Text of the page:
- Five of six men linked to the R400-million cocaine bust in Pretoria in June have applied for bail.
- According to the State, the accused have been linked to one another through their use of ANOM devices.
- It is alleged that they are part of an international syndicate which operates in Australia and Europe.
The six men arrested following the discovery of R400 million's worth of cocaine in Pretoria in June, are allegedly part of an international syndicate that is also being investigated by the FBI and Australia Federal Police (AFP).
This was revealed in the Pretoria Magistrate’s Court on Tuesday.
The State was opposing the bail applications of Neil Pieter van Zyl, Michael Norman, Rashied Baderoen, Rafiek Baderoen and Jaco de Kock.
Their co-accused, Lithuanian national Valdas Tenikaitis, also appeared in the dock but has not applied for bail.
Most of the group were arrested throughout June, with De Kock being apprehended in August, after law enforcement discovered more than 800kg of compressed pure cocaine hidden in a 12-foot ski boat.
The ski boat was being towed by a bakkie that Van Zyl was driving on 2 June.
The investigating officer testified on Tuesday about the alleged involvement of each accused, how they were linked to one another, and were allegedly part of an international syndicate that has caught the attention of American and Australian law enforcement authorities.
The officer testified that all six accused were part of an international syndicate that smuggled cocaine.
He said the syndicate, which also has operations in Australia and Europe, is being investigated by the FBI and AFP.
The investigating officer added that the cocaine seized in June was destined for Australia.
The bust came after the investigating officer received information locally and from the AFP that a large haul of cocaine was to be moved from one safe house to another in Gauteng, he testified.
Following surveillance, Van Zyl was arrested on the N1 near Pretoria.
It is alleged the cocaine was found hidden in the hull of the boat in a makeshift compartment.
The court also heard that Van Zyl was allegedly moving the haul from a safe house in Kyalami to another house in The Wilds in Pretoria East.
It was further alleged that both properties were being rented and that the rental had been paid a year in advance, costing more than R700 000.
The officer said that it was De Kock who had allegedly transferred the money for the rent to Van Zyl via an ATM.
News24 earlier reported that the suspects were linked to one another through their use of encrypted cellphone devices, whose communications had been intercepted.
The court heard these cellphones were created by the FBI in 2018.
Criminal syndicates thought they were receiving secured devices, but this was a "Trojan Horse", as the FBI and AFP had covertly distributed the devices to criminal networks in order to monitor them.
The investigating officer said that no man on the street would be able to get their hands on the device, called ANOM.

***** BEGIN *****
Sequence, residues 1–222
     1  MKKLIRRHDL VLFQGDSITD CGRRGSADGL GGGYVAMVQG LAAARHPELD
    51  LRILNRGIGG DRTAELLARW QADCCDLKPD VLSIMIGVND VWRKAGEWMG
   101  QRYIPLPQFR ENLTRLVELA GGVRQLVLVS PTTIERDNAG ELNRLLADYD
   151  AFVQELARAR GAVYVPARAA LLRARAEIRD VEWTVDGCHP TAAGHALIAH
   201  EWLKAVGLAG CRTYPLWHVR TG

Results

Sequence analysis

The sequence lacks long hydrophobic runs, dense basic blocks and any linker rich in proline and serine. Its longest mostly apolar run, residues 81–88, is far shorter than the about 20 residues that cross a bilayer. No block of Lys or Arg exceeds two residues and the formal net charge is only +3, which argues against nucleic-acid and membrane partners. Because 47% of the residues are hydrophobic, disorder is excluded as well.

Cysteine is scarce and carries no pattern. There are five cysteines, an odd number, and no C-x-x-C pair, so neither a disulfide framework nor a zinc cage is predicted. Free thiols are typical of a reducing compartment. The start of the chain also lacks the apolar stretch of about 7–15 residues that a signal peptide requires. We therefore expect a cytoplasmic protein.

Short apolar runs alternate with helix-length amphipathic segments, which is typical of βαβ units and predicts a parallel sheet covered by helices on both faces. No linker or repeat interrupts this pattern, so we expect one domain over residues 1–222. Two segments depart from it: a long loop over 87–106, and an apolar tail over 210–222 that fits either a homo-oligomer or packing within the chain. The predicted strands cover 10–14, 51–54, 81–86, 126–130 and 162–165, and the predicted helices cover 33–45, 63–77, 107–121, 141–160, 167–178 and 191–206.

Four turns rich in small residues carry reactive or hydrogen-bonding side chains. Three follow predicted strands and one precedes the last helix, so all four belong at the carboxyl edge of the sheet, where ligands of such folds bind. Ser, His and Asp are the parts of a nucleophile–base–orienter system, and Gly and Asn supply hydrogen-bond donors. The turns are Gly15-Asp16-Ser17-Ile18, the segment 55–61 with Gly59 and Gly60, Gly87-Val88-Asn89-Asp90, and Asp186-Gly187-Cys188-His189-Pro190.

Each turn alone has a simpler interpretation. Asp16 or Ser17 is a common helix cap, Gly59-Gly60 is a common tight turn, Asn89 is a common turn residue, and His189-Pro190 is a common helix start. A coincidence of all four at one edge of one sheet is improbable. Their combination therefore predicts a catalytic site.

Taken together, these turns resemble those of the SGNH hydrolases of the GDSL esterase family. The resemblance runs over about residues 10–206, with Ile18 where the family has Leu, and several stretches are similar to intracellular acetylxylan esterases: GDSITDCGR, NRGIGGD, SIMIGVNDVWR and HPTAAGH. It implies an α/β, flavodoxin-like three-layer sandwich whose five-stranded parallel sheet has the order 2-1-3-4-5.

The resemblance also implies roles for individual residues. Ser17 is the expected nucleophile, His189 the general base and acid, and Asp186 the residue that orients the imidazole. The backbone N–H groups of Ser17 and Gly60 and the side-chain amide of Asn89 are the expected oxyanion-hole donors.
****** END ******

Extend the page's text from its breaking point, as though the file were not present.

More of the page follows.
The ANOM devices, to the knowledge of criminal syndicates, were designed to keep identities a secret, automatically deleted encoded messages and had a self-destruct function.
"These devices only became active in SA in late May 2021 this year," the investigating officer testified.
He said it was believed that Van Zyl had one of these ANOM devices on his person at the time of his arrest.
This will be verified by the FBI or AFP.
The others are also accused of using these devices, but did not have them at the time of their arrest.
The investigating officer said they had been able to use the ANOM device GPS and physical surveillance to link the accused to the devices.
As a result, communications between the accused had also allegedly been intercepted.
One such communication was revealed in court, with the investigating officer alleging that Van Zyl and Norman, who is said to have been a manager of the syndicate, communicated about the presence of certain vehicles outside one of the safe houses.
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The investigating officer said the two were talking about the vehicles and were worried that it was either police or robbers looking to steal the cocaine.
Communications also allegedly revealed that Norman and Rashied were actually monitoring Van Zyl as he allegedly tried to move the cocaine from a safe house in Kyalami to another house in Pretoria East.
It was also revealed that three of the accused had previous convictions for racketeering and dealing in abalone.
The investigating officer testified that the accused were clearly involved in criminal syndicates, and it was only the commodity that had since changed.
He was of the opinion that all the accused would evade trial if released on bail and that they had the means and money to go on the run.
He also argued that the accused, if released on bail, would try to get rid of evidence.
The investigating officer added that they had intercepted communications to one of the accused to dispose of evidence on the same day that the cocaine bust happened.
"Evidence against the accused is overwhelming , I’m of the opinion we have a strong case and a conviction is imminent," he said.
Van Zyl previously told the court, through an affidavit, that he had no idea that there were drugs hidden in the boat, while the rest of the accused said they were not involved in drug dealing.